28/08/2017 - Many can't live on Tory 'Living Wage'

cpagThe Tories’ fake living wage is not even enough to allow families to support their children, according to a new report by the Child Poverty Action Group.


The report, Cost of a Child in 2017, estimates what the cost is of raising a child in the UK, based on the minimum income standard (MIS) — a threshold calculated according to what members of the public deem essential items for every family. The 2016 MIS calculation was £17,100 (before tax) for a single person and £18,900 each for a couple with two children.


Two-parent families working full time on the national living wage are £59 a week short of the cost of providing their children with a basic standard of living.


Single parents working full time on the national living wage are short £68 every week.


The report also drew attention to the effect of the Tory benefit freeze on out of work parents.


Single parents relying on benefits are typically £146 short every week, while unemployed couples are short £187.


The report’s author Donald Hirsch said Tory benefit cuts had made low-paid families’ situations worse.

“The struggle that low-income families face to make ends meet will become steadily harder, especially because it is being combined with numerous other cuts including the benefit cap and the bedroom tax,” he said.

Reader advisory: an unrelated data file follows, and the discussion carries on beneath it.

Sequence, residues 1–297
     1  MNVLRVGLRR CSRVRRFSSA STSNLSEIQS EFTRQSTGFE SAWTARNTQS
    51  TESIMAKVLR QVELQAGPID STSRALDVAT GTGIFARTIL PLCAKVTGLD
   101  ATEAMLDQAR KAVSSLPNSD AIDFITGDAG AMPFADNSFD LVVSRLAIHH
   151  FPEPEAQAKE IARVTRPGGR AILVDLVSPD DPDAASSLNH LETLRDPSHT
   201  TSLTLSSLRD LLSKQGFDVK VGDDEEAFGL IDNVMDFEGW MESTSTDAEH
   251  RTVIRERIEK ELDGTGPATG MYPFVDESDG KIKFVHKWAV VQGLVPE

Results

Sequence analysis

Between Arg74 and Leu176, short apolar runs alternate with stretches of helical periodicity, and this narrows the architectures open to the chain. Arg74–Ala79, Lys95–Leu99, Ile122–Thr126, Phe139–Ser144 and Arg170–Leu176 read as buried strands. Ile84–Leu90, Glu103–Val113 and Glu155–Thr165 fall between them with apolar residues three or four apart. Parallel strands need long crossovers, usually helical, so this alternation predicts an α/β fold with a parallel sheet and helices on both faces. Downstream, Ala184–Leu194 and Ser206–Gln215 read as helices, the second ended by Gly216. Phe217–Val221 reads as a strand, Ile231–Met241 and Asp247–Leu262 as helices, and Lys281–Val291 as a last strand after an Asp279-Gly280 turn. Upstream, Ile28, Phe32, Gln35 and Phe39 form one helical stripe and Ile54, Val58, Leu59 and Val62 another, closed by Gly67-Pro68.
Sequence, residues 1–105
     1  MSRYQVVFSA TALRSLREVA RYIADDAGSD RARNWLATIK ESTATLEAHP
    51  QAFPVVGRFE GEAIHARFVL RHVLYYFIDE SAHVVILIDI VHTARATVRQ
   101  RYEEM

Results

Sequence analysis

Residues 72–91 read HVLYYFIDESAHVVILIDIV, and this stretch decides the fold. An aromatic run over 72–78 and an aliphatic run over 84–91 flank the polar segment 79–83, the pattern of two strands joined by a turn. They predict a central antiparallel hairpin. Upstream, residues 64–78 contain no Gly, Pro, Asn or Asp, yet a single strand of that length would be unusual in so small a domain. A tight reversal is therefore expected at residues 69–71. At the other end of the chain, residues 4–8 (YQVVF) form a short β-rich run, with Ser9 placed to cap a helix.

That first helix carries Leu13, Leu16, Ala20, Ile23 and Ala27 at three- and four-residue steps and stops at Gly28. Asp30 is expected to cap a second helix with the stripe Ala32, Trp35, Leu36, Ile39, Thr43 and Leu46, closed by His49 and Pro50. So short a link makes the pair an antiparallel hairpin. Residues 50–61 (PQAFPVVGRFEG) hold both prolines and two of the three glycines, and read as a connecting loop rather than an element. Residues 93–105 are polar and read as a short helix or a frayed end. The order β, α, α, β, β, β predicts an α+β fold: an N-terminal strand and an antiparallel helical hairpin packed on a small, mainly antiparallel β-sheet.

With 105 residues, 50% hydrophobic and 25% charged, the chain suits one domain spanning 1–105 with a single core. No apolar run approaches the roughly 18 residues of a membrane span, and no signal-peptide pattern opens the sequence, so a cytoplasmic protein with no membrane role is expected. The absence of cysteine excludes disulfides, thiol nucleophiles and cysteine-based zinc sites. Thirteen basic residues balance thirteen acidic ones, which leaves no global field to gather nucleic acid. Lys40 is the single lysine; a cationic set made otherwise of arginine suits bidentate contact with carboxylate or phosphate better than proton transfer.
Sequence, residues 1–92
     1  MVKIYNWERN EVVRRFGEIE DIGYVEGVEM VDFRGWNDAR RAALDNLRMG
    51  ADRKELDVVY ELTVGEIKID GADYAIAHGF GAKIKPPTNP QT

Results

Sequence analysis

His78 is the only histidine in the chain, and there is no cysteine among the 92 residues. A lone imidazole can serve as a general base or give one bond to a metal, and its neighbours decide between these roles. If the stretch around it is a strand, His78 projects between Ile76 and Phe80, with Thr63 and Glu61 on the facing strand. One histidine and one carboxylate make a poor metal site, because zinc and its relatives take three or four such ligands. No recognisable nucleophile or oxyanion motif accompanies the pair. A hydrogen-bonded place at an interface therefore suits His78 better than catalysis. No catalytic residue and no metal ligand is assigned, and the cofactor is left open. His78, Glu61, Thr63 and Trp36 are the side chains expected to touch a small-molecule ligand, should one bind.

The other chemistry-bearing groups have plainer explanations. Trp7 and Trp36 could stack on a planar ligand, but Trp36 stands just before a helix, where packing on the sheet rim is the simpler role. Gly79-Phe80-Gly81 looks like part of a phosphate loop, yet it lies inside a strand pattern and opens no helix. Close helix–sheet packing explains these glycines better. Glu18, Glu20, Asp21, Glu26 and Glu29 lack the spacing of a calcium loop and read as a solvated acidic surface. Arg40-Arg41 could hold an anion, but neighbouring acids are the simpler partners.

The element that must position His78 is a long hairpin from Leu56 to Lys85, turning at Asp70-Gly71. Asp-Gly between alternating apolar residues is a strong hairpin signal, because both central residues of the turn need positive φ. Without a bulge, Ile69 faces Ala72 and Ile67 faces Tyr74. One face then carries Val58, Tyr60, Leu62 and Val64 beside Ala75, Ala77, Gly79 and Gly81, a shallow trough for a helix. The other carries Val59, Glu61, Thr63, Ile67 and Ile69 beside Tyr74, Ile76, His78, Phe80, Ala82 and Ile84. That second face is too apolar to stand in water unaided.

The chief executive of the CPAG, Alison Garnham, said: “Rather than prioritising tax cuts which help the better off, the Chancellor should use the Autumn Budget to invest in helping families with children. Ending the benefits freeze should be the first step he takes to rebalance the finances of ordinary families.”


The Tories rebranded the national minimum wage the “living wage” in 2016. It is far lower than the living wage defined by the Living Wage Foundation.


The Tories’ minimum wage is just £7.50 an hour for people aged 25 and over, falling to just £4.05 for workers aged under 18. That’s much less than the actual living wage of £8.45 an hour, or £9.75 for people living in London.


Pat Harrington, general secretary of Solidarity, commented: "What this report proves is that the Tory living wage isn't a living wage at all for many with families. We must press for a range of measures to alleviate poverty but we must also understand that only radical change in the ways we distribute the wealth of the nation will ultimately create the society we want."